The motor 16 is drivingly connected to the disc 30 and is configured to selectively rotate the disc 30 in the clockwise direction and the counterclockwise direction. As illustrated in FIG. 3, a shaft 54 fixed to the disc 30 extends through the bottom wall 22 of the vessel 14 and connects to a driven pulley 56. In a manner known in the art, the pulley 56 is entrained by a belt or chain that entrains a drive pulley (not shown) in communication with the motor 16. The motor 16 selectively drives the disc 30 in one of the two directions, as determined by a switch 58. In the preferred embodiment, the switch 58 is electronic and presents a user input for allowing a user to select, for example, the wash cycle only, the refine cycle only, or the wash and refine cycles in a sequentially automated process. By pressing a “start” button on the switch 58, for example, the user may initiate a process that automatically runs the wash cycle and then the refine cycle. The switch 58 may further present user inputs that allow the user to control fluid flow, fluid temperature, disc spin rate, etc.

The vessel 14 contains baffles 32,34 that cooperate with the disc projections 40,42,44 to wash and refine the tripe. Each of the baffles 32,34 are virtually identically configured, therefore only baffle 32 will be described in detail with the understanding that baffle 34 is similarly constructed. Generally, the baffles engage the tripe to wash it when the tripe is rotated in a first direction, and engage the tripe to refine it when the tripe is rotated in a second direction. The illustrated baffle 34 protrudes radially within the inner chamber from an inner surface of the side wall 24, as best depicted in FIGS. 3–5. The baffle 32 includes two sides, wherein a first side presents a concave washing surface 60 and a second side presents a concave refining surface 62 opposing the washing surface 60. The washing surface 60 slopes inward from the side wall 24 along the counterclockwise direction toward a longitudinal axis of the baffle 32. The refining surface 62 slopes inward from the side wall 24 along the clockwise direction toward the longitudinal axis of the baffle 32. In the preferred embodiment, the baffle washing surface 60 is substantially smooth to agitate the tripe without scarifying it, while the refining baffle surface 62 is substantially abrasive to agitate and scarify the tripe. The refining baffle surface 62 is preferably gritted, but may be knurled, serrated, or otherwise abrasive in a manner that scarifies the tripe as the baffle 32 engages the tripe.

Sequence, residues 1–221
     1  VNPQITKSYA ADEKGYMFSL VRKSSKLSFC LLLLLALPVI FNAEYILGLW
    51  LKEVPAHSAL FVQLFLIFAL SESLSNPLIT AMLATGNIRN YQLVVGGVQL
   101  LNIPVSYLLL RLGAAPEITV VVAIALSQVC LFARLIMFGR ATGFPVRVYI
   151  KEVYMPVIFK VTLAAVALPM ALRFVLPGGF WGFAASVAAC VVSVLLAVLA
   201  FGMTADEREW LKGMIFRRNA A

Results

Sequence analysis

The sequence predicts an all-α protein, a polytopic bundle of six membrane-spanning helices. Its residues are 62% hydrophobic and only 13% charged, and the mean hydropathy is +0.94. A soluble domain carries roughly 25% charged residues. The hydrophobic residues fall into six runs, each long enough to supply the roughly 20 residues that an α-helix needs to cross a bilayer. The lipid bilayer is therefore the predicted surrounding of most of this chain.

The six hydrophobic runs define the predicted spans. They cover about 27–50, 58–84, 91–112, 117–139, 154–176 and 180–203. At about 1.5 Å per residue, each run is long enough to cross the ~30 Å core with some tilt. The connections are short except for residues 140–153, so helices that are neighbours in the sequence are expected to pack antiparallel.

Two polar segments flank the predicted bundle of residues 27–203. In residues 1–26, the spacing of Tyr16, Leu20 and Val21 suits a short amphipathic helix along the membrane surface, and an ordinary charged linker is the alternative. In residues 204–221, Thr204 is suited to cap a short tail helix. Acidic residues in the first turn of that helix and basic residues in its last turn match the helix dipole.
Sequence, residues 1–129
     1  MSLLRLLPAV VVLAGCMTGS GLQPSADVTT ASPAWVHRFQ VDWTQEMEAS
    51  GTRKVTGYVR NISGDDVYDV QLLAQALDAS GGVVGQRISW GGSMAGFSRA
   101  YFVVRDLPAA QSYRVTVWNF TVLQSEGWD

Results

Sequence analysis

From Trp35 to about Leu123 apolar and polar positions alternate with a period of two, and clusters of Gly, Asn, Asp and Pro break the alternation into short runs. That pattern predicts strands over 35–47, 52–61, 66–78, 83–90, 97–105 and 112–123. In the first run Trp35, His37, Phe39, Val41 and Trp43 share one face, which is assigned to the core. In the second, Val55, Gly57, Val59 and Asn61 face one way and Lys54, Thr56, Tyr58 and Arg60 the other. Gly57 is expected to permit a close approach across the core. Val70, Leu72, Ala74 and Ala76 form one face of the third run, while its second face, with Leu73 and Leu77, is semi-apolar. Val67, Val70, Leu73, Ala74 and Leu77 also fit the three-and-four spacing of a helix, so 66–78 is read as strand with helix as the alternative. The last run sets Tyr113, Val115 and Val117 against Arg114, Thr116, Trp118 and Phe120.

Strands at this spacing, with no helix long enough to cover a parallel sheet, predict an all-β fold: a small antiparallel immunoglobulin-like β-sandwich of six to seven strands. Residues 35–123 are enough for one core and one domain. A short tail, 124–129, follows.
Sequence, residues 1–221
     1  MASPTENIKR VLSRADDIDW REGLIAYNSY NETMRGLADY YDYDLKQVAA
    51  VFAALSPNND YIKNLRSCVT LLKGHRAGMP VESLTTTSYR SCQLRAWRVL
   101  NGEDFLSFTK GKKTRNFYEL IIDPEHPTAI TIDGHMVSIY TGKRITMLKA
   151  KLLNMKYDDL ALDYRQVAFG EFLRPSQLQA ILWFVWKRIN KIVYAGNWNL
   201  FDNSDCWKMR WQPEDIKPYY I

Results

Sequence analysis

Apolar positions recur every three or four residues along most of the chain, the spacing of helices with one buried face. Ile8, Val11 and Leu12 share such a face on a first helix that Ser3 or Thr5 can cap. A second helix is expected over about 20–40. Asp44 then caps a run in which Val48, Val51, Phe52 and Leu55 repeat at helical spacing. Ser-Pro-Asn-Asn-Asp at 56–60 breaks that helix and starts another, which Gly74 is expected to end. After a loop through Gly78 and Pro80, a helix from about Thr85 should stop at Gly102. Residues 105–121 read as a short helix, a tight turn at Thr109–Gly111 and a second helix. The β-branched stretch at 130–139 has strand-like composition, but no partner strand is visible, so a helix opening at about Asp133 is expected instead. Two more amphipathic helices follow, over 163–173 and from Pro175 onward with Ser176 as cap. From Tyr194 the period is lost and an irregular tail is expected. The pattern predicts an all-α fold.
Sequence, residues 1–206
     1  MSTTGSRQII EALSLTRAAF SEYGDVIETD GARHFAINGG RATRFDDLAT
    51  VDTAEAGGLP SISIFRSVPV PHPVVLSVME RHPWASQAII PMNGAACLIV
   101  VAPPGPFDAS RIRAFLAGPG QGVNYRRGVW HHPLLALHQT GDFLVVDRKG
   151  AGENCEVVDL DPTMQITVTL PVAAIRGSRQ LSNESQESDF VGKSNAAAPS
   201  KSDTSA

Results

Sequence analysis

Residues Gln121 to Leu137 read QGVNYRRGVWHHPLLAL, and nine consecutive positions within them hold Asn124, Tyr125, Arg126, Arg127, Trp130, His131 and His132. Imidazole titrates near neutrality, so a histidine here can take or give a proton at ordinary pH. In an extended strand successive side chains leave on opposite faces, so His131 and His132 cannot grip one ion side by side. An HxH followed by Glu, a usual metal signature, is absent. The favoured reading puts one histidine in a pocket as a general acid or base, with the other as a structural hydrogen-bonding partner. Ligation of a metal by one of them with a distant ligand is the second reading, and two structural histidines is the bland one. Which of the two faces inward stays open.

In addition to agitating and refining the tripe, the baffle 32 deflects the tripe toward a center of the disc 30 as the tripe is deflected against the side wall 24 by the disc projections 40,42,44, as discussed below in greater detail. The baffle 32 is preferably fixedly attached to the side wall 24 buy may be removably attached to facilitate replacement if, for example, the refining surface 62 of the baffle 32 degrades with use from wear and tear. Furthermore, the preferred embodiment includes two baffles 32,34 located on the side wall 24 at approximately 180 degree intervals, but it will be appreciated that any number of baffles may be used and may be placed in various positions.

The side wall 24 includes a side door 64 and a side door actuator 66. The side door 64 is large enough to allow the tripe to be easily loaded into and removed from the vessel 14. To prevent the door 64 from impeding the loading and unloading processes, the door 64 is hingedly attached to the side wall 24 along a top edge of the door 64 so that the door 64 pivots upward from a closed position (shown in FIG. 1) to an open position. The door 64 must be strong enough to contain the tripe and washing and refining fluids during the washing and to prevent leaking.